The Fresh Loaf

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Grams versus Cups

Peggy Nielsen's picture
Peggy Nielsen

Grams versus Cups

Grams vs Cups

Just about every conversion chart I see has different weights for a cup of flour. Understand that different types have different weights, but all-purpose shows anywhere from 120g/cup to 143/cup.  Any ideas???

Anon2's picture
Anon2 (not verified)

...lies the problem.

The only way around this, when converting volume to weight, is to adjust by feel. So either find recipes that only use weight or expect discrepancies in which case you'll need to allow for adjustments and aim for what feels like a nice dough. 

idaveindy's picture

is the same flour. Even comparing AP to AP and Bread to Bread.

Then there is the matter of whether the flour has recently been sifted, or has sat around, been jostled, and settled / packed.

Then there is the matter of whether you spoon the flour into the measuring cup, or if you just scoop the cup into the flour container.

Hence all recipes are guidelines, and need minor adjustments due to local conditions.

Rock's picture

I can't remember when I used cups. Been using scales since the 1980s. 

Most home recipes used cups, so having a standard weight was important when converting things to a formula with percentages. I was kind of shocked watching a King Arthur video a few months ago and heard that they were using 4.25 oz for a cup of flour. Years ago, before the spoon and sweep method it was closer to 5 oz of flour per cup. That, of course was with the scoop and sweep method. All the more reason to weigh ingredients.

No matter what standard you use for a cup of flour or other ingredients, consistency is important. So pick a set weight for a cup, for example, and then work on the recipe 'till it works for you.

King Arthur has a nice list that you can search to help you get started.


clazar123's picture

As others have said, the baker has to be able to adjust for current conditions-damp flour, sifted flour, slight changes in particle size,etc,etc.

I did an interesting experiment once with my daughter. We both used our own measuring cups and weighed out 1 cup of flour about 5 times and listed the weights.. We walked away and came back and did it again. It was amazing! The variation between us was notably different but what was really astounding was that within our own numbers, there was significant variation-even when we really tried to scoop and sweep consistently.  It doesn't take much for those numbers to change.

Since then, I think of a recipe as more of a suggestion rather than a formula.

Bake some delicious fun!

phaz's picture

All depends on how much air is in the flour - ie how fluffed up it is. More compact = more weight in the same volume and vice versa. You'll see a lot of "sift flour first" (at least in the old days you did) and that can reduce the variation, but still isn't very precise.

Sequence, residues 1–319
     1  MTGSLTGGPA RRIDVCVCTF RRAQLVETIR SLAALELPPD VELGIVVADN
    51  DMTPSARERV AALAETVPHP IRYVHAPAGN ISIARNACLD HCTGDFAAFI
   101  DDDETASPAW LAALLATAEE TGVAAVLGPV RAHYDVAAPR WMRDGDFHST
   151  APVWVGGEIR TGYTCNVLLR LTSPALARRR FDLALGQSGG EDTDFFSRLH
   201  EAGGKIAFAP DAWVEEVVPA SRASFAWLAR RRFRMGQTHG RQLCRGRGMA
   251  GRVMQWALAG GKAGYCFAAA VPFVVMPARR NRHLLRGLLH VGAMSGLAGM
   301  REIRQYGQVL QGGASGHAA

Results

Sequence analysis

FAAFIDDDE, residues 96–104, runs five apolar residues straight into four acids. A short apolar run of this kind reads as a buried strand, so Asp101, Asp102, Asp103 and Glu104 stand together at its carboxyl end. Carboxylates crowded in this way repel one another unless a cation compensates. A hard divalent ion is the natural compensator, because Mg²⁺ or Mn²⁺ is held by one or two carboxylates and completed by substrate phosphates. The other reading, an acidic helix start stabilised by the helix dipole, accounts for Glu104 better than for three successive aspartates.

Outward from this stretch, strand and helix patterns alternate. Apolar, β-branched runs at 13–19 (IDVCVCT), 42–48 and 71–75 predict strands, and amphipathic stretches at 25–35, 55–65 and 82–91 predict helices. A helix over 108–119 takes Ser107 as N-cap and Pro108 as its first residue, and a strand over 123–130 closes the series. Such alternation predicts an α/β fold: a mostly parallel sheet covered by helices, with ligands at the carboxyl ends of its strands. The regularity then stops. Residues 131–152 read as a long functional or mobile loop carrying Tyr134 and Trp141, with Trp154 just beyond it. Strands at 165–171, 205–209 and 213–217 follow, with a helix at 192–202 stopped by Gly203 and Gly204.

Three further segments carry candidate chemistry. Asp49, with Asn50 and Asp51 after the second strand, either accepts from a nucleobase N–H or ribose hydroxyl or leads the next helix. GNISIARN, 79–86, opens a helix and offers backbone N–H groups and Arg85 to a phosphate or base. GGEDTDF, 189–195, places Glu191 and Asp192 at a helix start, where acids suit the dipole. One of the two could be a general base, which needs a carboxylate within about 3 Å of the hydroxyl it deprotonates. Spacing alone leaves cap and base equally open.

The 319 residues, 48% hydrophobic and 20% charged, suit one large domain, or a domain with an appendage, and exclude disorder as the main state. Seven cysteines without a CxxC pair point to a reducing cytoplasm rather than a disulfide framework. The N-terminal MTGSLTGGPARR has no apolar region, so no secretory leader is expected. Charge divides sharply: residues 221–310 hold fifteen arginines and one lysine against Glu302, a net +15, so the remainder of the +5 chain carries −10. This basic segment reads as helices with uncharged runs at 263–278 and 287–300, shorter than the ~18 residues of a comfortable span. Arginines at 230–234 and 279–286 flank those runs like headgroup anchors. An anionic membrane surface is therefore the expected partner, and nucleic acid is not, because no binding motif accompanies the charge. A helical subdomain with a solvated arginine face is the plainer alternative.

Without weighting ingredients you'll have to develope and go by feel. I've never owned a scale - so it can be done (and can be more rewarding as you're relying on your own instinct). The funny thing is, even if you are weighing everything down to the last milligram, you still gotta feel the dough. Time won't dictate when a dough is ready, feel will (lots of issues can be avoided by disregarding times given in a recipe and going by how the dough feels). You'll see when you've done it a few times. Enjoy! 

gerhard's picture

at home for at least 30 years. Our first home scale was a balance scale that had some sort olive green finish so my guess it was new in the 60s maybe 70s as the colour that was sort of popular in kitchen appliances then. The two scales we now have is the one with a sweeping needle that works with a spring and is amazingly accurate, we bought it in the mid nineties and the small electronic scale we have had for 10 years and use daily now. It does conversions from imperial to metric easily and has a large enough capacity for our use. Not really interested in being accurate to the 1/100th of gram since we aren’t in the drug trade so either scale is accurate enough but the electronic one is more versatile.

hanseata's picture

As a German I’m used to weighing my ingredients and routinely convert recipe amounts from volume to weight. I use King Arthur Flour’s or NYBakers’ conversion table.

I understand that volume measures are considered to be more easy and practical, but they also come with a caveat: the necessity to spoon and level - not just shove the cup measure into the bag and shake the excess off.

And using cup measures for sticky ingredients like honey or sour cream? You waste your time to scrape those out and have more clean-up.

Rock's picture

Something to note when using older cookbooks or recopies is that the older ones probably use the scoop and sweep method rather than the spoon and sweep.

After posting on this thread yesterday, I went back and looked at some of my baking notes from almost 20 years ago. In the scoop and sweep days, Cooks Illustrated magazine had a cup of AP flour at 5 ounces, while King Arthur was a little closer to today's weights with 1 pound of AP flour measuring 3.5 to 4 cups.